Summary. Leaders may mean well when they tout the economic payoffs of hiring more women and people of color, but there is no research support for the notion that diversifying the workforce automatically improves a company’s performance.
This article critiques the popular rhetoric about diversity and revisits an argument the authors made 25 years ago: To fully benefit from increased racial and gender diversity, organizations must adopt a learning orientation and be willing to change the corporate culture and power structure.
Four actions are key for leaders: building trust and creating a workplace where people feel free to express themselves; actively combating bias and systems of oppression; embracing a variety of styles and voices inside the organization; and using employees’ identity-related knowledge and experiences to learn how best to accomplish the firm’s core work.
An unprecedented, essential field guide to more than a century of fascinating product and industrial design From legendary classics to anonymous objects that are indispensable in homes and offices, this one-of-a-kind collection of original patent documents celebrates the creative genius of designers, inventors, creators, innovators, and dreamers the world over. The range is phenomenal: patents […]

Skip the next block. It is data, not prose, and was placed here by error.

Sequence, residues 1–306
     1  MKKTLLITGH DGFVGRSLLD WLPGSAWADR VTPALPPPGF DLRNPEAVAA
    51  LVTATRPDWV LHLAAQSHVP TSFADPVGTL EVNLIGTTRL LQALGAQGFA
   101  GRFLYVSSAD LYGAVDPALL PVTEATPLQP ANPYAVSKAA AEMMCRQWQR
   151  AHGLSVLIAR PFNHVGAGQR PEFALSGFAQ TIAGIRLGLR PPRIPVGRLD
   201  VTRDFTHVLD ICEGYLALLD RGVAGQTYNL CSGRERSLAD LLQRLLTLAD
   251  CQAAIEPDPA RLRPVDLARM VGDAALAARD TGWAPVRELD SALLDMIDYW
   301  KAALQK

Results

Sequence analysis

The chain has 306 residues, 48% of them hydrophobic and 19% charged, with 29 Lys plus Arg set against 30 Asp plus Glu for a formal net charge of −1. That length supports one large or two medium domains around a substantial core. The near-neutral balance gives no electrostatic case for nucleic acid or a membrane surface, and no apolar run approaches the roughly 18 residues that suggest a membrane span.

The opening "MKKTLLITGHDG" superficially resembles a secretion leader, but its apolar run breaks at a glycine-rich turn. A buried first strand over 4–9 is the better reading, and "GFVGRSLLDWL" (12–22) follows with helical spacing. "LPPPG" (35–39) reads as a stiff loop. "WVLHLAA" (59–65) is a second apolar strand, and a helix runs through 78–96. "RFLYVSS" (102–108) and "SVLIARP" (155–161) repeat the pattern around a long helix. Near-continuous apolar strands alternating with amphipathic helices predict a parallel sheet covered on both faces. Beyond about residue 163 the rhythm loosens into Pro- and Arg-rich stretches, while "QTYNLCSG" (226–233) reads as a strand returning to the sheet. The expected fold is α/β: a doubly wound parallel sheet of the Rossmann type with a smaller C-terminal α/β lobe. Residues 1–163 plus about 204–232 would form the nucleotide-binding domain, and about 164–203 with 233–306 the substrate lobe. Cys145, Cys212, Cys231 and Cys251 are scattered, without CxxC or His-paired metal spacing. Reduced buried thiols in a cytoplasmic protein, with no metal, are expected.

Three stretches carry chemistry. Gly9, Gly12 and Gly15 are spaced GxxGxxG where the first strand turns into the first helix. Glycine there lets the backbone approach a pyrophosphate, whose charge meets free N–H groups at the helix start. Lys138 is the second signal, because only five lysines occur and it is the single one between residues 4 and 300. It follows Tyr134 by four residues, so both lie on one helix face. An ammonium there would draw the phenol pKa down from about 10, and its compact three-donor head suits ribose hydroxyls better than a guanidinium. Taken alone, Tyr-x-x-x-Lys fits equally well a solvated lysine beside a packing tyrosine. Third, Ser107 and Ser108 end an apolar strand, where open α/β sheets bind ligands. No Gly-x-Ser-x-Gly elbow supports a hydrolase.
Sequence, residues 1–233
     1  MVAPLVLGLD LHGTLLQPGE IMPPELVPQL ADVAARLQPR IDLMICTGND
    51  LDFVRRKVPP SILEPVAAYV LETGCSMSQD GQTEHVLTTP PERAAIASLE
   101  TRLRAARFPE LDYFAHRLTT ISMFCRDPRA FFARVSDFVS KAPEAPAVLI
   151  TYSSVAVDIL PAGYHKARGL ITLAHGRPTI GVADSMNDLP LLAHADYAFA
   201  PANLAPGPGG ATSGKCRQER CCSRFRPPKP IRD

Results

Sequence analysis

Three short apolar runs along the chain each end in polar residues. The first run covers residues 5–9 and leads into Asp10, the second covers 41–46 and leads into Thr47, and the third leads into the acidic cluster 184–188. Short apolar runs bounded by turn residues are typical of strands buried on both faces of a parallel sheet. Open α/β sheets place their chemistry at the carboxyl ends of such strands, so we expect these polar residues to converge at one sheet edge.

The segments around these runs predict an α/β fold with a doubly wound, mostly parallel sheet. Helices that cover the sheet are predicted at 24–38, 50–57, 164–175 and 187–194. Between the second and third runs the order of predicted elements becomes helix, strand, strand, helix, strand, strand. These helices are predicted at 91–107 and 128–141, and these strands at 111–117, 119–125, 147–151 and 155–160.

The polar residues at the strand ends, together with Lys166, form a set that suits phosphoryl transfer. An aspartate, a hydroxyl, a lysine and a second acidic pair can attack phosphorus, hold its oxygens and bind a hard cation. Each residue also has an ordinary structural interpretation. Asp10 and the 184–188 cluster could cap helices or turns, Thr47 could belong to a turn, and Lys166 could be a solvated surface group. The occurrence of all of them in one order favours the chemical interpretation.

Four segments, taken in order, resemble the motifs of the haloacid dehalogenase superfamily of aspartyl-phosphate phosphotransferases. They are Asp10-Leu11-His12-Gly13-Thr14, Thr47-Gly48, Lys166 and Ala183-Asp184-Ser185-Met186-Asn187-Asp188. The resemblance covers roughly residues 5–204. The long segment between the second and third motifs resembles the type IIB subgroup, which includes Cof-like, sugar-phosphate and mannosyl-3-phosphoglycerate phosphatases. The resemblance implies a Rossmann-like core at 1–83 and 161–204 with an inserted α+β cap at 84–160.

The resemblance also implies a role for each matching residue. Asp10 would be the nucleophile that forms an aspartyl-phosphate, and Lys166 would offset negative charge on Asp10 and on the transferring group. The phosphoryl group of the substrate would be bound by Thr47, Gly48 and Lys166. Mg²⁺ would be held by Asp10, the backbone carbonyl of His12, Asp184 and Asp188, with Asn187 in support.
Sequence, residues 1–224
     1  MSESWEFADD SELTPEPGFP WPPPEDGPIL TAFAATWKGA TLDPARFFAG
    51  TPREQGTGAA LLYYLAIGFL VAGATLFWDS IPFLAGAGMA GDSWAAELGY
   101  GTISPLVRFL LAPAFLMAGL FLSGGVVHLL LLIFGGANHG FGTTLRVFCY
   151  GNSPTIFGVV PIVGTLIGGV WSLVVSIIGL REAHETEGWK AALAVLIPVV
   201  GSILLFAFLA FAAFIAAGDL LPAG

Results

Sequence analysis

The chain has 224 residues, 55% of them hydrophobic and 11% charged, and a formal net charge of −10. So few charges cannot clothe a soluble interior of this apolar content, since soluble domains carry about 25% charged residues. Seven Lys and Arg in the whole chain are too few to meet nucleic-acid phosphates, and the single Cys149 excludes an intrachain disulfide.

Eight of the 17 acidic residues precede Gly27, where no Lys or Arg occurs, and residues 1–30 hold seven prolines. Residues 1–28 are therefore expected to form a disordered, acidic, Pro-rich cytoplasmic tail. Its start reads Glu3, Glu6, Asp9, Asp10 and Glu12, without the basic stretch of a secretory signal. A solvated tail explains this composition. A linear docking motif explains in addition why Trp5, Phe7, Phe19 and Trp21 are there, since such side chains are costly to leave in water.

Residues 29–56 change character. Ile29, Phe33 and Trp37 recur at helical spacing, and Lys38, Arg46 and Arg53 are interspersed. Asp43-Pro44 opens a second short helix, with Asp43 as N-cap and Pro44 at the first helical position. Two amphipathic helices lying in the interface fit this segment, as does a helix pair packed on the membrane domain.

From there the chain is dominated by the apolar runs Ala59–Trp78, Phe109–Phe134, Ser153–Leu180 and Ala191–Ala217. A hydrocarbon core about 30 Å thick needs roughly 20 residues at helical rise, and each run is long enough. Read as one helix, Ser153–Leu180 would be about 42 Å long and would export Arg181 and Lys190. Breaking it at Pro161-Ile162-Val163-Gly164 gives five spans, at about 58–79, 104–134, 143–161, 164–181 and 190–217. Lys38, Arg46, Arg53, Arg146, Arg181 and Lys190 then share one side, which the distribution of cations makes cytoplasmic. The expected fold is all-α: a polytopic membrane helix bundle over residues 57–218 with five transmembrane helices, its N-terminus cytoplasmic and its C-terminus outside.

I recently peer-reviewed an academic paper that explored how well architects and other designers understand and value ‘research’. The author also looked at the degree to which architects engage in or initiate research studies, and then apply original findings to their projects. Reading this paper led me to reflect on how architects define research, and the place of it within the myriad of other information sources that influence architectural work. It also led me back to some research that I conducted earlier in my academic career in conjunction with the then Royal Australian Institute of Architects that investigated the sources of information that architects preferred to use to support their practice.